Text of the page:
Selected Criticism

"Eighteenth Presidency!, The" (1928)
Blake, David Haven
Print source:
J.R. LeMaster and Donald D. Kummings, eds., Walt Whitman: An Encyclopedia (New York: Garland Publishing, 1998), reproduced by permission.

"The Eighteenth Presidency! Voice of Walt Whitman to each Young Man in the Nation, North, South, East, and West" occupies a unique position in Walt Whitman's writings, for while the essay stands as the poet's most historically specific critique of American political culture, it remained unpublished until 1928, when it was published separately in both France and the United States and was included in Clifton Furness's edition of unpublished manuscripts, Walt Whitman's Workshop. Responding to the 1856 presidential race involving Millard Fillmore, James Buchanan, and John C. Frémont, the manifesto was distributed in proof to several editors, but never actually printed. Whether Whitman grew disenchanted with the essay's biting tone or simply failed to raise the funds necessary for publication remains a significant biographical mystery. For all the ambiguity surrounding its lack of publication, however, "The Eighteenth Presidency!" offers compelling insight into the political anger and anxiety Whitman felt in the 1850s. Leaves of Grass at times expresses similar sentiments, but for the most part it labors to transcend them. The essay, in this respect, can be considered the prose counterpart of the poem "Respondez!" (1856). The two works maintain highly ironic, satirical visions of American politics, and Whitman eventually excluded them both from his official canon.

Although Furness suggested that Whitman had written parts of "The Eighteenth Presidency!" before 1856, the essay's intensity and sense of national apocalypse closely match the country's mood that year. The passage of the Kansas-Nebraska Act in 1854 sharply divided the nation along sectional lines, and two years later, Kansas's status as either a free or slave state became the focus of physical conflict on the Kansas-Missouri border and in the Senate chamber itself. "The Eighteenth Presidency!" imputes this violence to the nation's political parties and their inability to overcome the constitutional crises. Addressing America's farmers, laborers, carpenters, and mechanics, the essay points to the gap between the general public and the presidential nominating committees, charging the political establishment with sacrificing the nation's heritage for partisan expediency. Displaying what Betsy Erkkila has described as the self-serving arguments of many Northern abolitionists, Whitman urged his readers to recognize slavery's threat to their own political and economic freedom. "[A]bolish slavery," he cautioned white American workers, "or it will abolish you" (Whitman 1322).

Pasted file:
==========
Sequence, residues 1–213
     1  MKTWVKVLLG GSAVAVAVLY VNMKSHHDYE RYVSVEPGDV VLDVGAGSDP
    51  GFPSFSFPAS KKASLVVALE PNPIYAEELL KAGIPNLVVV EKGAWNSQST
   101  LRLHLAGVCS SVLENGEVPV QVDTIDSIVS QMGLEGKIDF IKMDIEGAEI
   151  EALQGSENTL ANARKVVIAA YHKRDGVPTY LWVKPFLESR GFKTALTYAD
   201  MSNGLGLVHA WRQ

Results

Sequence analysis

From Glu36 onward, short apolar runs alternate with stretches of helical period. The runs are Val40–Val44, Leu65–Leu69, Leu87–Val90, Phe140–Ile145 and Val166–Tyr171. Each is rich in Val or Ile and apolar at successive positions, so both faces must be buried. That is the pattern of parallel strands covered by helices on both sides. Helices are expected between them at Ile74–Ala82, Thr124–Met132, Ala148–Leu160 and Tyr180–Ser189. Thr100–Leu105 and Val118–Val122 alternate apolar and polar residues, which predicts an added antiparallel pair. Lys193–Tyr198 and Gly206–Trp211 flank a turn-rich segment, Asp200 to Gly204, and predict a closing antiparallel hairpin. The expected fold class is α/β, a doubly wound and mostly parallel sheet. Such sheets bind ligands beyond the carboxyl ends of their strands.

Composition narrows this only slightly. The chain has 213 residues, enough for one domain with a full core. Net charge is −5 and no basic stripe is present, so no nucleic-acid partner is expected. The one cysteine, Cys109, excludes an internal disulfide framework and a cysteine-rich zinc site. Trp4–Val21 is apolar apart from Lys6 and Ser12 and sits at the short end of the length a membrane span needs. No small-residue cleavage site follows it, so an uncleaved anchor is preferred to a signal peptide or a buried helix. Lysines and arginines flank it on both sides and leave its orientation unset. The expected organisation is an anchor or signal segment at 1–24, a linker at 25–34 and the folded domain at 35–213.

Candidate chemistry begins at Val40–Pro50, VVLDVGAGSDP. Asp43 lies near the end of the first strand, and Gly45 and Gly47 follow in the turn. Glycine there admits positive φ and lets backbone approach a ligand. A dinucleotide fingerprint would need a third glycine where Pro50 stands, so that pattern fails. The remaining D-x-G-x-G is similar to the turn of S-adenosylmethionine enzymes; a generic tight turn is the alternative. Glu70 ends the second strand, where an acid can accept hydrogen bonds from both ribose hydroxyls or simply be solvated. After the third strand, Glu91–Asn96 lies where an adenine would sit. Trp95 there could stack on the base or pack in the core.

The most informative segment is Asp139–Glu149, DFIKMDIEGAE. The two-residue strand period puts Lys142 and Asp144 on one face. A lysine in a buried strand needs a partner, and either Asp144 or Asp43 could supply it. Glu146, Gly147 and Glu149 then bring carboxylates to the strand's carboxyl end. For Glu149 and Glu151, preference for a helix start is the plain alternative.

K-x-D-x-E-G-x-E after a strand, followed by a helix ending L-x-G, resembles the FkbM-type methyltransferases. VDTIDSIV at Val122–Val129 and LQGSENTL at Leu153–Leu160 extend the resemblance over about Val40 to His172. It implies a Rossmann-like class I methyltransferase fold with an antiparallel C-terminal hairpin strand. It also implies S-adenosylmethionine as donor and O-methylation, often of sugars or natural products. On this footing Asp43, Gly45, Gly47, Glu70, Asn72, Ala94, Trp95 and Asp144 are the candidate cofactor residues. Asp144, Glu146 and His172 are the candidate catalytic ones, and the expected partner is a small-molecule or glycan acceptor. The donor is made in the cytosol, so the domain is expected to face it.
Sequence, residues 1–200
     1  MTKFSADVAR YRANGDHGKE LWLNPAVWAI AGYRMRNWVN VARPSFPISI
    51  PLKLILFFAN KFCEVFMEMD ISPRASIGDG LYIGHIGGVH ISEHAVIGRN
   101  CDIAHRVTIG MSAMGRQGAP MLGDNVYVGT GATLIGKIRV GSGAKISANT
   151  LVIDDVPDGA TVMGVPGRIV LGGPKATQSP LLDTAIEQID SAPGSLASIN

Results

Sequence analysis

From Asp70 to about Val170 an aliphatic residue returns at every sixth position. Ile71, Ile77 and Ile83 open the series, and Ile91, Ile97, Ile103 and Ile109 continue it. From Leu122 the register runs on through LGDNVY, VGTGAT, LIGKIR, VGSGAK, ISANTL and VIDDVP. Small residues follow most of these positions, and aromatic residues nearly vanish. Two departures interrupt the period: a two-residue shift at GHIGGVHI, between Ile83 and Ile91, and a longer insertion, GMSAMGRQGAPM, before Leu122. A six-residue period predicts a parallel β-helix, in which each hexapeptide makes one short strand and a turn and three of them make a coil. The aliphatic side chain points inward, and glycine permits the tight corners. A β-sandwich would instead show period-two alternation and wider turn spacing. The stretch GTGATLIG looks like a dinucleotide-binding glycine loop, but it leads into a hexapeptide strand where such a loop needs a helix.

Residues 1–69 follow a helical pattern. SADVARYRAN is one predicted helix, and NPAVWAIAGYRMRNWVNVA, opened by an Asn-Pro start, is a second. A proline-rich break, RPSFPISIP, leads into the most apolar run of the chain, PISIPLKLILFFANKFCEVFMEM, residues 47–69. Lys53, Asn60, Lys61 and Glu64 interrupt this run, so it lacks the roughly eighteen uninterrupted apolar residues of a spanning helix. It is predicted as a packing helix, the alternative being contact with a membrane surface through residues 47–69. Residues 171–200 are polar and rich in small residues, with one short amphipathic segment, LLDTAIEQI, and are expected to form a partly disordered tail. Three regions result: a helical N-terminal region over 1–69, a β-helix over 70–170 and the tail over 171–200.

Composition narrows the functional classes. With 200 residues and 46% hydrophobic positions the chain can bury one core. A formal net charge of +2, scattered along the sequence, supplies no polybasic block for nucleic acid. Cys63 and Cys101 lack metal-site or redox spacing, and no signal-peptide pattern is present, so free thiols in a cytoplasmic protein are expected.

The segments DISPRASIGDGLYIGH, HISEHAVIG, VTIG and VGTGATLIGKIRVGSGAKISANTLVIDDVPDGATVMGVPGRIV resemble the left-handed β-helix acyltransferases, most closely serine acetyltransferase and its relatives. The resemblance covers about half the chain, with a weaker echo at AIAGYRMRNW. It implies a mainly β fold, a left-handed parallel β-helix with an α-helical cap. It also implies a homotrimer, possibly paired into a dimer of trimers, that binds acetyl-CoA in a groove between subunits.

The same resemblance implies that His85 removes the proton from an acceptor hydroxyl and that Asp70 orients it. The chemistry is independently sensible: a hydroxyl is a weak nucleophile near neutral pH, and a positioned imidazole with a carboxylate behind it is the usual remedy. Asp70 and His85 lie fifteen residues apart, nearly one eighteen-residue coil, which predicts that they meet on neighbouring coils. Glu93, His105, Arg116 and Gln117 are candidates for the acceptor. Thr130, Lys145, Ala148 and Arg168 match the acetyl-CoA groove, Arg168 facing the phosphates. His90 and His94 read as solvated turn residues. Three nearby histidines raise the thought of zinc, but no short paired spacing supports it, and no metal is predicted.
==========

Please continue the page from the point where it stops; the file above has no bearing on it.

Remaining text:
The essay's urgency surfaces most prominently in its caustic and rancorous language. While Whitman's readers are accustomed to his explicit challenges to the presidency, nowhere in Leaves of Grass would they be prepared for presidents eating "dirt and excrement" while sitting on cushions of "filth and blood" (1310) or political delegates wracked with syphilis and crawling like serpents across the earth. David Reynolds has traced such statements to the spirit of agitation promoted by reformers during the 1850s. As Kerry Larson has argued, however, Whitman's rhetoric also betrays his own confusion about the political and constitutional dilemmas facing the country. While section 10 of "Song of Myself" depicts the poet as harboring a runaway slave, "The Eighteenth Presidency!" remains ambivalent about the desire to resist slavery's expansion and the need to obey federal law. Whitman, in fact, advises Americans to defy the Fugitive Slave Law with everything from pens to guns, but at the same time he warns that fugitives must be returned in deference to the Constitution. The essay's clearest message may be that while its author is anxious to abolish slavery, he has little sense of how to extract it from the federal Union.